Us ( Movie Review)

Us ( Movie Review)

Jordan Peele’s highly anticipated sophomore film, Us, arrived in theaters on Friday, March 22nd through Universal Pictures. 

The story focuses on a typical American middle class family – The Wilsons – consisting of mother Adeline (Lupita Nyong’o: Black Panther 2018, 12 Years a Slave 2013), father Gabe (Winston Duke: Black Panther 2018, Avengers: Infinity War 2018), and their two children, elder daughter Zora (Shahadi Wright Joseph: Hairspray Live! 2016, The Lion King 2019) and youngest son Jason (Evan Alex: Mani 2017, Kidding 2018). More than 30 years ago, Adeline, as a child, wandered away from her parents and into a funhouse at a beachside carnival where she encountered her doppelganger, which scared her so badly it gave her PTSD. The now adult Adeline and her family are going to the beach house in Santa Cruz for the first time since her childhood traumatic event.

Us still. © Universal Pictures.

As viewers will know going in, they are quickly visited by a family of doppelgangers of themselves, one for each member including a grown Adeline. Unlike home invaders in Horror films like 2008’s The Strangers and 1997’s Funny Games, the doppels have an innate connection to each of their real world counterparts. The doppels are all violent and Adeline’s doppel is intelligent and clearly the leader as the only one that speaks. This is only the tip of the iceberg in a story that has much more depth and purpose than anyone expected.

If there was any doubt over Peele’s storytelling ability after his 2017 debut feature Get Out, it will be put to rest here. Much more ambitious than Get Out, where the concept borrowed heavily from 1956’s Invasion of the Body Snatchers, Us feels more like Peele in free form. He is clearly a master craftsman who has his own style which blends suspense, comedic timing, and social commentary. The less one knows about this story going in the better it will be.

Peele nudges the viewer in the right direction with tropes and clues that viewers will catch and follow, but where exactly that journey goes and how it plays out in the end will leave them shocked. This is a movie that warrants a second viewing so the viewer can see where Peele’s cinematic sleight of hand fooled them exactly how he wanted to.

Us still. © Universal Pictures.

The performances are fantastic, especially that of leading lady Nyong’o. Each of the actors had to play two parts, their real world selves and the mostly non-vocal, personal-less doppels, which are wildly different from each other in every way down to how they move. Nyong’o’s range is all over the place here – protective, vulnerable, traumatized, and frightened as Adeline, and menacing, driven, insane, and somewhat awkward-moving as her doppel, Red – and she knocks all of it out of the park. Duke plays the funny and endearing husband perfectly, and a hulking, voiceless brute as his doppel, Abraham. Even the child actors are very good, the acting in the eyes of their doppel versions are one of the most frightening things in the film.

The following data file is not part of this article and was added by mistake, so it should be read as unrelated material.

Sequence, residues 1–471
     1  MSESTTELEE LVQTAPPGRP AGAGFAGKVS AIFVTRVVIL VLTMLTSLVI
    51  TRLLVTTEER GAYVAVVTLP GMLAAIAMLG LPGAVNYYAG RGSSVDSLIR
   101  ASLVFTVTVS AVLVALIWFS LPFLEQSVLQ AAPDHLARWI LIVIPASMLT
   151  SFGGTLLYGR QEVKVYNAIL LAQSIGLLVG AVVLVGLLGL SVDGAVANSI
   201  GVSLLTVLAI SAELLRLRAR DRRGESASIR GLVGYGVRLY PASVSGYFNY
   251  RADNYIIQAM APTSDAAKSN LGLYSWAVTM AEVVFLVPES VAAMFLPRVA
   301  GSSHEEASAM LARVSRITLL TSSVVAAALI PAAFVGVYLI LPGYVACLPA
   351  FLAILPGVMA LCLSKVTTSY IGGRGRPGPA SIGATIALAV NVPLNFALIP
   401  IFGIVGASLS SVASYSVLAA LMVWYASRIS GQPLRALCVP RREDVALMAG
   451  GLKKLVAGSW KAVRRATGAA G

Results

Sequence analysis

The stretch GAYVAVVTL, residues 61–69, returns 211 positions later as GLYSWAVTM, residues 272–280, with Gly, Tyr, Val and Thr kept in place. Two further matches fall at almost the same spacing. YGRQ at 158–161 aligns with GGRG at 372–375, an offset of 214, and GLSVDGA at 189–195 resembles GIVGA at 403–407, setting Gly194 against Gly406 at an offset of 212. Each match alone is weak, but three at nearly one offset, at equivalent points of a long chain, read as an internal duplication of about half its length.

However, if there is any small criticism with Us it is that it encompasses a bit more than it is able to handle. This is a story that is meant for audience discussions, which will no doubt happen for years to come, but there is an element of overarching pertinence that is not quite contained within the rest of the story. Additionally, there is an unseen meta-backstory involving tunnels and test subjects that is never fully explored, but these seem like small potatoes next to the top-shelf writing, acting, and directing throughout the movie.

Us still. © Universal Pictures.

Us clocks in at 2 hours and does not drag for a moment. Part of that is Peele’s story pacing and part is how he let’s viewers know that they need to pay attention by planting numerous ‘Chekhov’s Gun’ shots in the first act. He creates an excellent original story that certainly references Horror classics but are never used as a crutch, and a truly terrifying atmosphere awash in poignant social commentary. All in all, Us hits most of its notes perfectly and was well worth the wait. An excellent Horror film and a shoo-in to be on the list of best Horror films of the year later on, Cryptic Rock gives Us 4.5 out of 5 stars.

Universal Pictures

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Roger Maléspin
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Roger is a Writer and Editor born and raised in New York City. A lifelong bibliophile, he spends most of his time delving into stories or honing his craft. When not flexing the pen, he can be found in any number of bars and coffee shops around New York, drawing inspiration from the kaleidoscope of stories and experiences that make up the greatest city in the world. His love of the written word is nearly matched by his affinity for Horror movies, and he can quote from the classics up to today's films. Holding strong convictions rooted deep in the religion of Metal, do not be surprised if you run into him, literally, in a circle pit during a Metal show somewhere in the city.

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